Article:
Tag Archives: society

Quality multiplied: Learning that matters in a runaway world

The keynote for the OpenLearning Conference 2018 on the 27th November 2018, in Kuala Lumpur. It synthesises the main practical insights and implications for design of individual courses and education as a socio-technical system. The slides could be dowloaded here, the abstract  is below (Presented by Lina, but see the acknowledgements)

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 How can we help prepare students to solve wicked problems when nobody knows exactly what these problems will be, for jobs and professions that do not yet exist and for a society whose contours, as Anthony Giddens put it, ‘we can as yet only dimly see’?

For the last ten years, I have been researching how university students learn to integrate different kinds of knowledge and ways of knowing needed for innovative and skilful professional action in the world — how they develop a capability called ‘epistemic fluency’. Drawing on my studies and related innovations in my teaching, I will argue that education needs to go beyond the established notions of ‘learning as knowledge acquisition’ or ‘learning as participation’ and go beyond developing courses or shaping students’ experiences. Instead, it should focus on learning that enables students to re-imagine their future, co-assemble their own environments, and co-create actionable knowledge that runs away outside the educational institutions. This is a risky business that requires openness to the world in which the students will live, in fact, to the world which they will co-create.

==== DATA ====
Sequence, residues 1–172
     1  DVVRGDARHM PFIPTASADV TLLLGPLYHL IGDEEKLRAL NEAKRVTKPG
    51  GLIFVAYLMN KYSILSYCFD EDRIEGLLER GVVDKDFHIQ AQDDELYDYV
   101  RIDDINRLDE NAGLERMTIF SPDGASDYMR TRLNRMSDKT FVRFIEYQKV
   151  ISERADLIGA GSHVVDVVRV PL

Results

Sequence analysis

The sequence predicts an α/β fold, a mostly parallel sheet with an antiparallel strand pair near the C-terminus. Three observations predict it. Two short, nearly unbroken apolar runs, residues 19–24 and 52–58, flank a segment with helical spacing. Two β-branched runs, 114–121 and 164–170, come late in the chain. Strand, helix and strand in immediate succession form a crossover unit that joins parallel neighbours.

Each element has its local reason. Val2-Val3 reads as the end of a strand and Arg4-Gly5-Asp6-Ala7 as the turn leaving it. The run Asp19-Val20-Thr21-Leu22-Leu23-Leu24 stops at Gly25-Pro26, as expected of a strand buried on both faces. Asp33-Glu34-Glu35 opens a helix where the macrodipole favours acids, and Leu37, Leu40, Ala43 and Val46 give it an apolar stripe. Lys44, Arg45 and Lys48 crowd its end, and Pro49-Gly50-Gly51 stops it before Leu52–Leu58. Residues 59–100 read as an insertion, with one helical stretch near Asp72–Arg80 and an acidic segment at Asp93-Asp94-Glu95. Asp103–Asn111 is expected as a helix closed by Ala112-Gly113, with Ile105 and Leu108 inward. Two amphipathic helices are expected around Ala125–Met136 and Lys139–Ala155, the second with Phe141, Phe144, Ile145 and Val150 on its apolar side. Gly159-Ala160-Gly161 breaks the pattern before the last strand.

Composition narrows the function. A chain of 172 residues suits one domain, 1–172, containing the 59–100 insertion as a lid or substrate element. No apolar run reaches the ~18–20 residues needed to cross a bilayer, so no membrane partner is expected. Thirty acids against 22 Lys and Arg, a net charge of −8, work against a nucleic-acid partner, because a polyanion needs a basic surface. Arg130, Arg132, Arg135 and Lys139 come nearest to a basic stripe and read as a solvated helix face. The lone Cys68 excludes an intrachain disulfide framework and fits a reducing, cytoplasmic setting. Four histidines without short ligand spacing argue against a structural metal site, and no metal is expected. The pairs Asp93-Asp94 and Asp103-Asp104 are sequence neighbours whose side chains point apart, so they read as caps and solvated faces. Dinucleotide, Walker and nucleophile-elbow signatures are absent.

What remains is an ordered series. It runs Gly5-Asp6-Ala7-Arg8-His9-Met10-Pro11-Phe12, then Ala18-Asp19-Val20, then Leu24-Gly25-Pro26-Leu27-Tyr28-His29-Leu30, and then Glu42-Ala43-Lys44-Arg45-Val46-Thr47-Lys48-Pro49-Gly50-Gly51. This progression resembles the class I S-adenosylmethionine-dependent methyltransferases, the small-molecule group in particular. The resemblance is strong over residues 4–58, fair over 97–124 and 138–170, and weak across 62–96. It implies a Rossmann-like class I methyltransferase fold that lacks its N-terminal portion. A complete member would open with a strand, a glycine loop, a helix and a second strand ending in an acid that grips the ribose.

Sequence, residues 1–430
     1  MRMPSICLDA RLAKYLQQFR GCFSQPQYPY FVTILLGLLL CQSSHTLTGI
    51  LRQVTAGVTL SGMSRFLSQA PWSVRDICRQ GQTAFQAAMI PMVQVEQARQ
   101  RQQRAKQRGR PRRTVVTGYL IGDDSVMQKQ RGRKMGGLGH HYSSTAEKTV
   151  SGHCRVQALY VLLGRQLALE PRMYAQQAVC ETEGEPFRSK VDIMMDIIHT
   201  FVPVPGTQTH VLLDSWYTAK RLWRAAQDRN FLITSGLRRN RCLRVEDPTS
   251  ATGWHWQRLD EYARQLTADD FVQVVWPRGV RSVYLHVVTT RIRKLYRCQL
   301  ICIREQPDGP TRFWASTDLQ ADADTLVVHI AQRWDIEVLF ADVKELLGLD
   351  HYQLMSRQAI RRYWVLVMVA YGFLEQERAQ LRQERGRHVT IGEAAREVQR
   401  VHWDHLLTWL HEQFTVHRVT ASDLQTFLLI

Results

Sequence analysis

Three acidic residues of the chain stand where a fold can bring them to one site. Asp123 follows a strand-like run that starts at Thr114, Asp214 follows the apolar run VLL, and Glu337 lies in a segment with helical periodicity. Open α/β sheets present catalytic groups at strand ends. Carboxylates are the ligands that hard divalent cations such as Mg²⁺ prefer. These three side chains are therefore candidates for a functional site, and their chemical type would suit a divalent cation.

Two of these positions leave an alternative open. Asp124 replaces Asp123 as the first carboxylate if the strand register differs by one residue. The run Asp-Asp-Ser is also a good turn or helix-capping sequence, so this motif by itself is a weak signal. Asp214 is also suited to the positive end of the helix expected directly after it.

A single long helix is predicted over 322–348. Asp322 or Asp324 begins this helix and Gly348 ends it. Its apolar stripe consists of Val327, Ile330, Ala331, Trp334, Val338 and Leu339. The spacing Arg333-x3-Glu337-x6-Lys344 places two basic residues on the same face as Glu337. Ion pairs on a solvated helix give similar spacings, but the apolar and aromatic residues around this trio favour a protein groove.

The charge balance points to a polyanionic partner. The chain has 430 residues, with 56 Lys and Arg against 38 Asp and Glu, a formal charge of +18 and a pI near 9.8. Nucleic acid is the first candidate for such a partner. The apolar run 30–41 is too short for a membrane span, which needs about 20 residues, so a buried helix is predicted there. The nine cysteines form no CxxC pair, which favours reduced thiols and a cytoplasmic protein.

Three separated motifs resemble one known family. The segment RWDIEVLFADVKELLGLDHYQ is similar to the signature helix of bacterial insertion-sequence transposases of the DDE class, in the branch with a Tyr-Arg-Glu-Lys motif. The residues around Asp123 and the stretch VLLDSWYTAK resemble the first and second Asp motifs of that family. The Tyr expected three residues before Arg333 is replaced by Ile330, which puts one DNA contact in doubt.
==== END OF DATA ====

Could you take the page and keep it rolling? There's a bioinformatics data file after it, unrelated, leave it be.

Universities and other educational institutions have skin in this game. They need courage and wisdom to move beyond their secure ‘industrial’ methods for assuring educational quality, and embrace a greater diversity of ways in which they teach and produce socially valuable knowledge.

Why more scientists are needed in the public square

This weekend, The Conversation published quite interesting article entitled: “Why more scientists are needed in the public square”. It is written by the University of California’s President Janet Napolitano as a call for “all scientists” to step out from their labs into public arena and convey, in a jargon free language, social importance of their work. The article is squarely located in the US presidential election season, but there are a number of thought-provoking ideas from the epistemic fluency perspective (a brief comment that we posted in the morning is copied below). Overall, this article clearly shows that challenges related to the (lack of) epistemic fluency are both deep and widespread across science, society and politics. Continue reading